Magyars


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Related to Magyars: Saracens, Slavs, Hungarian people

Magyars

(mŏd`yärz, măg`yärz), the dominant people of HungaryHungary,
Hung. Magyarország, republic (2005 est. pop. 10,007,000), 35,919 sq mi (93,030 sq km), central Europe. Hungary borders on Slovakia in the north, on Ukraine in the northeast, on Romania in the east, on Slovenia, Croatia, and Serbia in the south, and on
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, but also living in Romania, Ukraine, Slovakia, and Serbia. Although in the past it was thought a common origin existed among the Magyars, the Huns, the Mongols, and the Turks, modern research has disproved this claim. The only similarity between the Magyars and the peoples named above was their mode of life when they first appeared in Europe in the 9th cent. The Magyar or Hungarian language belongs to the Finno-Ugric family. A nomadic nation, the Magyars migrated (c.460) from the Urals to the Northern Caucasus region. They remained there for about 400 years; during a portion of that time they were allied with the Khazars. Contact with Turkic peoples seems to have been close, for many Magyar words of Turkish origin, relating to animal husbandry and political and military organization, were in use before the 9th cent. Late in the 9th cent. the advance of the PechenegsPechenegs
or Patzinaks
, nomadic people of the Turkic family. Their original home is not known, but in the 8th and 9th cent. they inhabited the region between the lower Volga and the Urals. Pushed west (c.
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 forced the Magyars westward across S Russia and into present Romania. Under their leader Arpad they defeated the Bulgar czar Simeon I, but Simeon, with the help of the Pechenegs, forced them northward into Hungary, which they permanently settled c.895. They were described as ferocious warriors. They conquered Moravia and penetrated deep into Germany until they were checked (955) by Holy Roman Emperor Otto I at the Lechfeld. Under St. StephenStephen, Saint,
or Stephen I,
975–1038, duke (997–1001) and first king (1001–38) of Hungary, called the Apostle of Hungary. The Hungarian state may be said to date from his reign.
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, Christianity was introduced early in the 11th cent., and the Magyars consolidated their state. They absorbed the other ethnic groups of Hungary proper. The SzékelySzékely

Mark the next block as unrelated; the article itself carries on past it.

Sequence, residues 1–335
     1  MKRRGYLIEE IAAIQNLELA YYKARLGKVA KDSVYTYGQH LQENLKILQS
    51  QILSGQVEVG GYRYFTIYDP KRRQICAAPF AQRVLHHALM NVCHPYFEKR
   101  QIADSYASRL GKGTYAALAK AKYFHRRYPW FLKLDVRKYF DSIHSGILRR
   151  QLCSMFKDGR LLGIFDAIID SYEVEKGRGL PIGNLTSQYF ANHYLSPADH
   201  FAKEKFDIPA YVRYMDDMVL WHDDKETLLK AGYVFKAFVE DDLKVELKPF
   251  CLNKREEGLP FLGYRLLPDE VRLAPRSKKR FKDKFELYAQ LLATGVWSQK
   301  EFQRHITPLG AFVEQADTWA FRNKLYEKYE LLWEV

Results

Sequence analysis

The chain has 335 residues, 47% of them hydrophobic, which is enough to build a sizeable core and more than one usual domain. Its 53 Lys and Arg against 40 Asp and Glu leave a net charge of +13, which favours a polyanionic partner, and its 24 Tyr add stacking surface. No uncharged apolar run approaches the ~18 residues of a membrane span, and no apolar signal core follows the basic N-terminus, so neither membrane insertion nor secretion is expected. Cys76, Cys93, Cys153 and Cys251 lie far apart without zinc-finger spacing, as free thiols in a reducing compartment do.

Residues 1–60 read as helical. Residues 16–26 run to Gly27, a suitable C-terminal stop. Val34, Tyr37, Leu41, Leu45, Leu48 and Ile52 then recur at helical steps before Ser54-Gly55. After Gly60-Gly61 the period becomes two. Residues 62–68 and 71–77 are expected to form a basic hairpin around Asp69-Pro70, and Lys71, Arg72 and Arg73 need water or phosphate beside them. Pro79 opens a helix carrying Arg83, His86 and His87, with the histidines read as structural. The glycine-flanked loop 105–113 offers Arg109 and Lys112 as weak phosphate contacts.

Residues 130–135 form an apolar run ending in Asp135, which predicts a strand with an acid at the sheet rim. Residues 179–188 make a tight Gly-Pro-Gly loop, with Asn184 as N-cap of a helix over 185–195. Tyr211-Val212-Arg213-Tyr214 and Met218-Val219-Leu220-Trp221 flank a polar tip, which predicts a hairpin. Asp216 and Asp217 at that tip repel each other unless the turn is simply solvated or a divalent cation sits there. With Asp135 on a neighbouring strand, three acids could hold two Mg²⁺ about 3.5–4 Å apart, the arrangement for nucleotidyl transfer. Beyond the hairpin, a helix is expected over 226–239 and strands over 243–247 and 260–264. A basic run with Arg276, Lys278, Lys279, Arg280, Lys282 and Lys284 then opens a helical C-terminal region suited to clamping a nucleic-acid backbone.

, ethnic group of Transylvania and of present-day Romania. Except in a few isolated communities, where the ancient customs of the Székely have survived, there is little difference between Székely and Magyars.
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 are presumably closely related to them. The terms Magyar and Hungarian are identical, but in non-Hungarian languages the word Magyar is frequently used to distinguish the Hungarian-speaking population of Hungary from the German, Slavic, and Romanian minorities, which were considerable until the end of World War I, when Hungary lost its border provinces. For Magyar literature, see Hungarian literatureHungarian literature.
Until the 19th cent. Latin was Hungary's literary language. The Funeral Oration (c.1230) is the oldest surviving work in Magyar; some 14th and 15th cent. chronicles also exist. The Reformation prompted various translations of the Bible.
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.

Bibliography

See I. M. Bobula, Origin of the Hungarian Nation (1966); C. A. Macartney, The Magyars in the Ninth Century (1930, repr. 1978).

References in periodicals archive ?
Slovak nationalism awoke only slowly and it was the adoption of their cause, and identity, by the famous Czech leaders, Masaryk and Benes, in the First World War that freed them from Magyar rule.
It is significant that the Austrians, who are annoyed that the Czechs insist on building their power station at Bohunice near the Austrian border, have been warning the Slovaks very discreetly to be cautious in their handling of the power station and the Magyar minority.
The nationalistic pressure the Magyars exercised on the twin towns' public life from the 1830s on bore its fruit during the 1840s, when the number of Hungarian speakers increased and the Magyars managed to enforce the use of bilingualism in the formerly linguistically German administrative structures of Buda and Pest.
For its part, Cartledge's history certainly proceeds from a Magyar perspective, but does not capitulate to traditional Magyar nationalist myths.